Police CV- Dallas rigged the tests!

Setting the Record Straight on Crown Vic Police Cars
DEARBORN, Mich., Sept. 12, 2003 (FCN) -- Ford Motor Company is sending notification to more than 30,000 law enforcement customers nationally in
response to the manipulated crash tests the city of Dallas conducted this summer involving Crown Victoria Police Interceptor (CVPI) vehicles.
Crown Victoria Trunk Pack The notification is aimed at reassuring police departments around the country that the Trunk Pack is effective in reducing the risk of fuel tank puncture following high-speed, high-impact rear crashes.
"Several important facts were not included in Dallas' announcement and the subsequent media reports," said Sue Cischke, vice president, Environmental & Safety Engineering, Ford Motor Company.
Dallas officials stated that the Trunk Pack offered by Ford "failed" to protect the fuel tank in 75 mph crash tests.
"In conducting the Dallas test, the Trunk Pack was loaded with atypical items and police equipment was specially altered and deliberately positioned to puncture the Trunk Pack," Cischke said. "In short, the test did not simulate what would happen in the real world."
Dallas crash tests on the Trunk Pack included nonstandard items like a crowbar welded to a floor jack and a wrecking bar. As an example, Ford found that a crowbar was welded onto a 2-ton mechanics floor jack with four high-strength welds (see photo). The sharp edge of the crowbar was pointed toward the fuel tank. Additionally, the jack-handle sleeve was welded into the upright position and pointed at the fuel tank.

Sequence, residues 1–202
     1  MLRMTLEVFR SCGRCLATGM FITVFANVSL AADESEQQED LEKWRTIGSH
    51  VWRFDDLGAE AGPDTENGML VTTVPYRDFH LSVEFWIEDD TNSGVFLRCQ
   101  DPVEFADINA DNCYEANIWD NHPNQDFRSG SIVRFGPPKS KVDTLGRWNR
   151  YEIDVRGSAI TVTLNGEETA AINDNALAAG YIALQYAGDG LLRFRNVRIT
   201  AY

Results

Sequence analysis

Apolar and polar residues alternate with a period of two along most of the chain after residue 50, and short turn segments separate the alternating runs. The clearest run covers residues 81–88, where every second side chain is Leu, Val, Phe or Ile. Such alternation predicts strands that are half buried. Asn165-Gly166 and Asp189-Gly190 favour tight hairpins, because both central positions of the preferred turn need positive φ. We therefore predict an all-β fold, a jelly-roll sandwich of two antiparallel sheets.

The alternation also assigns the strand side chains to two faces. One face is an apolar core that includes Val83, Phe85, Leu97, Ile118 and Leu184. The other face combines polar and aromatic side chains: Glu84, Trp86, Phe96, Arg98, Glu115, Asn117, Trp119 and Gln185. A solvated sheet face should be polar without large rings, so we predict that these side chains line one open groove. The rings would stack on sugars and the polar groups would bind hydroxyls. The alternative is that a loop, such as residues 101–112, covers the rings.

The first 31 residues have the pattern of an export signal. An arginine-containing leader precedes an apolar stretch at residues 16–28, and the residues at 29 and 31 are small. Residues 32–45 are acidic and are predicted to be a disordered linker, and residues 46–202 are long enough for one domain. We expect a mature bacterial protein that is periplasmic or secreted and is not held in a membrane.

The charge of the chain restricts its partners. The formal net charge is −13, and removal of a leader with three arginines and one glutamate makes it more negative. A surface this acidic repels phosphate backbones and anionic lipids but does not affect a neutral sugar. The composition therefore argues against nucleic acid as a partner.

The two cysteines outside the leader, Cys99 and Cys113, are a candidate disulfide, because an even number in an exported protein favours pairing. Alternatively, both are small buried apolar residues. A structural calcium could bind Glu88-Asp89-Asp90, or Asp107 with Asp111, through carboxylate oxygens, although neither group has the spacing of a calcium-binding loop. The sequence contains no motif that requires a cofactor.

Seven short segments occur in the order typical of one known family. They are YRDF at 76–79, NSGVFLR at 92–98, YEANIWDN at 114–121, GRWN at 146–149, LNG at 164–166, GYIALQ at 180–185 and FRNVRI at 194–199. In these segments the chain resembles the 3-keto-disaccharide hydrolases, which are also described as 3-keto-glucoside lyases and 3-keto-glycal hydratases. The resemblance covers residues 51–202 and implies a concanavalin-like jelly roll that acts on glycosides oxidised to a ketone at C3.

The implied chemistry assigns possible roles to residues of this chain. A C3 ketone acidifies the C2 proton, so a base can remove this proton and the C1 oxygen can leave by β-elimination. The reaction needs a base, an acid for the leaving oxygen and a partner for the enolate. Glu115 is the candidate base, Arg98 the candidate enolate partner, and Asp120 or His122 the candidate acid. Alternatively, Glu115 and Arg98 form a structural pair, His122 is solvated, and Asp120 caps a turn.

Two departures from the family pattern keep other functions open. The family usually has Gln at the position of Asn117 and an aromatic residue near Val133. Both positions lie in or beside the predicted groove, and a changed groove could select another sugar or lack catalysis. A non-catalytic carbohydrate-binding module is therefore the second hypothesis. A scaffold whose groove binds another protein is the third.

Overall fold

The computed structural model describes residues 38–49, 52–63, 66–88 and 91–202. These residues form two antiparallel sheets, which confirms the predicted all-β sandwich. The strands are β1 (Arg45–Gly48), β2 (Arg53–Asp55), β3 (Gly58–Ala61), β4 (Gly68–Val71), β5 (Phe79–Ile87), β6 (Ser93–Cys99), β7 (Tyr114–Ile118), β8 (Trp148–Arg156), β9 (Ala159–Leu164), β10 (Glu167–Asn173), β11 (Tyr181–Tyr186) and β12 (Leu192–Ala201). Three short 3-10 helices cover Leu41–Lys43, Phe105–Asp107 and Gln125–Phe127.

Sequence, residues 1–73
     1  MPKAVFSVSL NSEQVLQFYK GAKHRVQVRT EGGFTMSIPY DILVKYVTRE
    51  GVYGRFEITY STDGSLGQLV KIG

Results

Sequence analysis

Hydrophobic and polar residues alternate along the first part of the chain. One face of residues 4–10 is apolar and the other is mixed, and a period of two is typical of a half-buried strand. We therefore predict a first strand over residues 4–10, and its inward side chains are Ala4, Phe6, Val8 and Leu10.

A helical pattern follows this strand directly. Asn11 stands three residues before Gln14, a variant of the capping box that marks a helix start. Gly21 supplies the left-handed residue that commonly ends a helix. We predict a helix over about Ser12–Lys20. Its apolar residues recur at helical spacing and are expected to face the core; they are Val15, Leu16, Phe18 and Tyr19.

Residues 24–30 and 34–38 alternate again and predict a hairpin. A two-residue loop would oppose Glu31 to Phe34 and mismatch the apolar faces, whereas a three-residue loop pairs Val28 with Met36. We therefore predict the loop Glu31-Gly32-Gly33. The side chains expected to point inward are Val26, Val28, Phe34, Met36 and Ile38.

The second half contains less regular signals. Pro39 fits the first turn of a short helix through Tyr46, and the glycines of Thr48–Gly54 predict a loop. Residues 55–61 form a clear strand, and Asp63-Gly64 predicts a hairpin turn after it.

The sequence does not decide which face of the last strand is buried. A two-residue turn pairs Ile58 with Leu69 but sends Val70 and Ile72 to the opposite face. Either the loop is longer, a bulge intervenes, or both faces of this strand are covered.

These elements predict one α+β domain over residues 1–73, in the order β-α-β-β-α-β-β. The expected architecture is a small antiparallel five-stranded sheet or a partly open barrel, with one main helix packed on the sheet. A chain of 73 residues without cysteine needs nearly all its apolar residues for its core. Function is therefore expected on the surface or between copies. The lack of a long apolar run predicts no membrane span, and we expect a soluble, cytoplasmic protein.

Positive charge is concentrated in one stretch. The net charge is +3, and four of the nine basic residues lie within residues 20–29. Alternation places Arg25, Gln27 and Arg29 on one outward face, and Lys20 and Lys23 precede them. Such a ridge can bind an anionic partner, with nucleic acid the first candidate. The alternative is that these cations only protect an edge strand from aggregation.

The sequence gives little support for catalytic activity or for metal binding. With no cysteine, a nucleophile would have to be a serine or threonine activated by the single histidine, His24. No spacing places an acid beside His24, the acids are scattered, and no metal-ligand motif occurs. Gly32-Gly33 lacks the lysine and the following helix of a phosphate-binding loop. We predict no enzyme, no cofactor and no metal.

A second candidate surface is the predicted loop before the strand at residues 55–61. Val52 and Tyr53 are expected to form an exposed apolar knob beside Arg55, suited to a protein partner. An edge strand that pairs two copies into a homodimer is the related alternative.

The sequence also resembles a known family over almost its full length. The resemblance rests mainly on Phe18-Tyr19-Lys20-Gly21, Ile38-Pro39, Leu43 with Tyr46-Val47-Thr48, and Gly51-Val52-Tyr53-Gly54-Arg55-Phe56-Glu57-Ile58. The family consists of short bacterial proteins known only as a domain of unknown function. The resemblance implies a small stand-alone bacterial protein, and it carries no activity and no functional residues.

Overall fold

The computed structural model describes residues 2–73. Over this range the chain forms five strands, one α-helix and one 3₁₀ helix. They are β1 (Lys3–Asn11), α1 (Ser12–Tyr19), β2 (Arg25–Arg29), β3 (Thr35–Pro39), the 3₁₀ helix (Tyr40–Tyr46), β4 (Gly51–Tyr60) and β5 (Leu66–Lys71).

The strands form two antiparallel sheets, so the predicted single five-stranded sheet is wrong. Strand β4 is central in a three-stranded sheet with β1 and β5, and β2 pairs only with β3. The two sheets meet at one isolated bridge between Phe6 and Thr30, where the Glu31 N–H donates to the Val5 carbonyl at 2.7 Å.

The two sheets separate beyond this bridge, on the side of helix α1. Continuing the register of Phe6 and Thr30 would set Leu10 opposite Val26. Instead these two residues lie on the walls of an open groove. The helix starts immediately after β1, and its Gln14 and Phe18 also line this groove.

"There is no conceivable functional reason for welding a crowbar to a jack in this fashion," Cischke stated.
The Trunk Pack also was loaded with a wrecking bar. Prior to the Trunk Pack development, the Blue Ribbon Panel and the Arizona Department of Public Safety conducted a survey of 80 law enforcement agencies to determine what type of equipment police officers typically carry in their trunks.
Only one agency out of 80 reported carrying any kind of bar -- in this case a pry bar -- in their trunks. Dallas, however, included two bars, a crow bar and a wrecking bar, in its tests. The sharp edge of the wrecking bar was pointed toward the fuel tank.
"Ford Motor Company believes that our law enforcement customers should be informed about the circumstances of the Dallas Trunk Pack testing," said Cischke. "We hope this explanation has served this purpose."
Ford conducted both laboratory and 75 mph crash tests with the Trunk Pack and representative police equipment determined by the panel's survey. During that testing, there was no fuel tank puncture resulting from the trunk equipment.
"Ford stands by its Trunk Pack as an effective tool that reduces the risk of fuel tank punctures from police equipment," Cischke concluded.
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